Well, I guess, no one expected Microsoft to talk any different, but the company has finally responded to the recently discovered registry trick that could be used to install updates on Windows XP.
The deal involves a registry tweak that allowed Windows Update to download patches and fixes.
It changes the Windows XP ID to Windows POSReady 2009 — an operating system that is set to receive patches until 2019. Obviously, the updates users receive via this route are not exactly intended for desktop computers running Windows XP, but they can be installed.
And Microsoft alluded to this false sense of security, in a statement to ZDNet.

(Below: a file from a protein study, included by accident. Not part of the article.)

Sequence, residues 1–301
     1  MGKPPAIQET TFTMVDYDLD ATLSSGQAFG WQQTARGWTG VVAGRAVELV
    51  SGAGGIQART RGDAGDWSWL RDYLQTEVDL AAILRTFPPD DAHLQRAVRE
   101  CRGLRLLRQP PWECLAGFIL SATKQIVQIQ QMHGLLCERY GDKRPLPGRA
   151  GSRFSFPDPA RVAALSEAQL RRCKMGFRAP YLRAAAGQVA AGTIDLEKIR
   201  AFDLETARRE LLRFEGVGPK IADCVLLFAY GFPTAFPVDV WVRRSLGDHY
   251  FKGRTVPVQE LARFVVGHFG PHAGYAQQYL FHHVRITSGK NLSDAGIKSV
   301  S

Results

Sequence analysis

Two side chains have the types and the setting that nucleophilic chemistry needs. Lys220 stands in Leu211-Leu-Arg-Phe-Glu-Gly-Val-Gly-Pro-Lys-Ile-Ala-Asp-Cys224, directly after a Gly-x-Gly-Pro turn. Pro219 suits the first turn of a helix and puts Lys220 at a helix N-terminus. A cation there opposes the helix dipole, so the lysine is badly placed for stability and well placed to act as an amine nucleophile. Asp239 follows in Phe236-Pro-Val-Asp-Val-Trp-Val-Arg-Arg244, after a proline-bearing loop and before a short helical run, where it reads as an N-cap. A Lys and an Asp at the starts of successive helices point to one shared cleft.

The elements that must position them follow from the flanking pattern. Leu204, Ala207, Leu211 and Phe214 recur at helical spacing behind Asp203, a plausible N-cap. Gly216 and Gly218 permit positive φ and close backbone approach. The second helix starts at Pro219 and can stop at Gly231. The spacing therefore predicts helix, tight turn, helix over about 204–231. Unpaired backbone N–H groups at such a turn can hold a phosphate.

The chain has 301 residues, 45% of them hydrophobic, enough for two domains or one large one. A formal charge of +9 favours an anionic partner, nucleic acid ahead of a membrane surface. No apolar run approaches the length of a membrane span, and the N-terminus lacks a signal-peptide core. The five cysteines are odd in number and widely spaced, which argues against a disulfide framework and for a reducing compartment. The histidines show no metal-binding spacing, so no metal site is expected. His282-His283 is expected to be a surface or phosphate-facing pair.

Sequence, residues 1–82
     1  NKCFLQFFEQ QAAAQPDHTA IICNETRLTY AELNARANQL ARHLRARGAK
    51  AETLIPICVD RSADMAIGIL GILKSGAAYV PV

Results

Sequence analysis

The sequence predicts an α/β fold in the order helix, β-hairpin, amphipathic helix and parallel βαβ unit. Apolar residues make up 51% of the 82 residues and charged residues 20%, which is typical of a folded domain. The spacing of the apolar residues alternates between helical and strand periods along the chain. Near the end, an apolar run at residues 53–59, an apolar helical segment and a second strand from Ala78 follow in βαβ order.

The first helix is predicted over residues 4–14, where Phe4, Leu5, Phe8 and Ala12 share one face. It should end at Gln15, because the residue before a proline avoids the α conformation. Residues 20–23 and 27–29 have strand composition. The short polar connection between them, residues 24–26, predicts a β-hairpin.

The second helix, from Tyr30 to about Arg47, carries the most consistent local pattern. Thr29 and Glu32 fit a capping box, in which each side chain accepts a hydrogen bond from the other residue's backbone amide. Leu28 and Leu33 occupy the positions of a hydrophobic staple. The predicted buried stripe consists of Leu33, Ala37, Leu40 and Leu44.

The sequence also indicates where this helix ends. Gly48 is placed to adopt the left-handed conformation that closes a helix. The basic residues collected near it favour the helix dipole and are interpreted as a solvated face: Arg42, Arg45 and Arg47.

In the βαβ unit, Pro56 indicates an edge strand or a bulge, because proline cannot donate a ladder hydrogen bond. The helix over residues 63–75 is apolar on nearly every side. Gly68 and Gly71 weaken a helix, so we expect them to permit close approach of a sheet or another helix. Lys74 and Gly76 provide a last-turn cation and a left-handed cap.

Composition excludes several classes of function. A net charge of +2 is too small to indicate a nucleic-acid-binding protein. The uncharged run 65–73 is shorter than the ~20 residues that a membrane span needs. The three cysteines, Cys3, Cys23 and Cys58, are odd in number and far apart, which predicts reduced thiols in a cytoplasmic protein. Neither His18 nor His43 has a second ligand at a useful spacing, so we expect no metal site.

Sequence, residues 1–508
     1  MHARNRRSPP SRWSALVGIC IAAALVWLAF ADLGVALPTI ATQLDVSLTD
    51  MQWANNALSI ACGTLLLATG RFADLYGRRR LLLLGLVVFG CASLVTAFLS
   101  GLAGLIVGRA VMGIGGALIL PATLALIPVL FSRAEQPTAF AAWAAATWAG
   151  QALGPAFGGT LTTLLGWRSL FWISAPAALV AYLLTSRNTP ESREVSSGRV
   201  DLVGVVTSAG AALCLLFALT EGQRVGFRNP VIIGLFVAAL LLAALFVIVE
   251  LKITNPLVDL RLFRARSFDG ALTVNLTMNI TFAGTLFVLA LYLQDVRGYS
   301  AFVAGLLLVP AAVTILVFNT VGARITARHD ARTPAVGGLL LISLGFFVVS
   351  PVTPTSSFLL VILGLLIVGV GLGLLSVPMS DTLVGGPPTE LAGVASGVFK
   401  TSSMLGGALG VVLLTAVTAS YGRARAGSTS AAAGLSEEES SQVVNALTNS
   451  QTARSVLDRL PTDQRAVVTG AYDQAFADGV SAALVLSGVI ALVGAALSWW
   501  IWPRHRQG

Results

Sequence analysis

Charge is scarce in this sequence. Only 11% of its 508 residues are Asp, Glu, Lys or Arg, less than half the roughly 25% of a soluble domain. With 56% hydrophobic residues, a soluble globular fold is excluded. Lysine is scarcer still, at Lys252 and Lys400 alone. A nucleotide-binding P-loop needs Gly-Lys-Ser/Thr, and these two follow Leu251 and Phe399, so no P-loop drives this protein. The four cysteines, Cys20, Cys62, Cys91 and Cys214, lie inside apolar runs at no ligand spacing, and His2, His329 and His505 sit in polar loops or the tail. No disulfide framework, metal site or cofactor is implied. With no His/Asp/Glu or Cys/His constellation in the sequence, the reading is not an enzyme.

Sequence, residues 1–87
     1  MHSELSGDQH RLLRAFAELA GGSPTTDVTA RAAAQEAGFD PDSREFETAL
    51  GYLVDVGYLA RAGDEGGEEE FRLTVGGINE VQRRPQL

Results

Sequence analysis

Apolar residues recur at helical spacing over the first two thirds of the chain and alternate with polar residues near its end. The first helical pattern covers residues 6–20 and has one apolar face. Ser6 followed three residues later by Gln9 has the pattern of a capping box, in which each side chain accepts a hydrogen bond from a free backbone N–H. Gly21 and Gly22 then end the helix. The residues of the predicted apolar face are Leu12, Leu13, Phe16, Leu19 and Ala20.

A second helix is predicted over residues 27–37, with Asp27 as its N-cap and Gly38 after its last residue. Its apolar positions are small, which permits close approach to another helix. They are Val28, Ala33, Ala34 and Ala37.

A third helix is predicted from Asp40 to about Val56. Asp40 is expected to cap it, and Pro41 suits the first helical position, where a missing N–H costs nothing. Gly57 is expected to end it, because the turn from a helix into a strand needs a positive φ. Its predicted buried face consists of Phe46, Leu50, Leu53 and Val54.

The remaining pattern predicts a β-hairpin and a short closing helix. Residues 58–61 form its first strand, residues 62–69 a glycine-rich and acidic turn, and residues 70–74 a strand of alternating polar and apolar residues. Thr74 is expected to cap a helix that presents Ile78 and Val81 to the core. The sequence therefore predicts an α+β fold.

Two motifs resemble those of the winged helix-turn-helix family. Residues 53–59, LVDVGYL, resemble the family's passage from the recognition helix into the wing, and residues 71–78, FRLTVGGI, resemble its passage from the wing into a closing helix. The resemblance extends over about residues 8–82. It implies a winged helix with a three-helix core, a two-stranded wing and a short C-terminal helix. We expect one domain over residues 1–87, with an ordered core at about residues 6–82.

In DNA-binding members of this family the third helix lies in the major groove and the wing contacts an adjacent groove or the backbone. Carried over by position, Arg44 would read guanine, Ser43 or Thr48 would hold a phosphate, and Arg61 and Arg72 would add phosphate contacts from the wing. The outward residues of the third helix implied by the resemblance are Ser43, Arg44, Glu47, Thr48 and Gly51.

The company spokesperson said that systems will still remain vulnerable to attacks, as these patches are for the embedded version of the operating system:
“The security updates that could be installed are intended for Windows Embedded and Windows Server 2003 customers and do not fully protect Windows XP customers. Windows XP customers also run a significant risk of functionality issues with their machines if they install these updates, as they are not tested against Windows XP.”
All valid points, it must be said. But then again, an expected statement too.
The software titan has tried to convince everyone to move to a newer version of Windows, preferably Windows 8, and it’s not like Microsoft would urge users to go on and hack their machines to spoof the company’s update servers.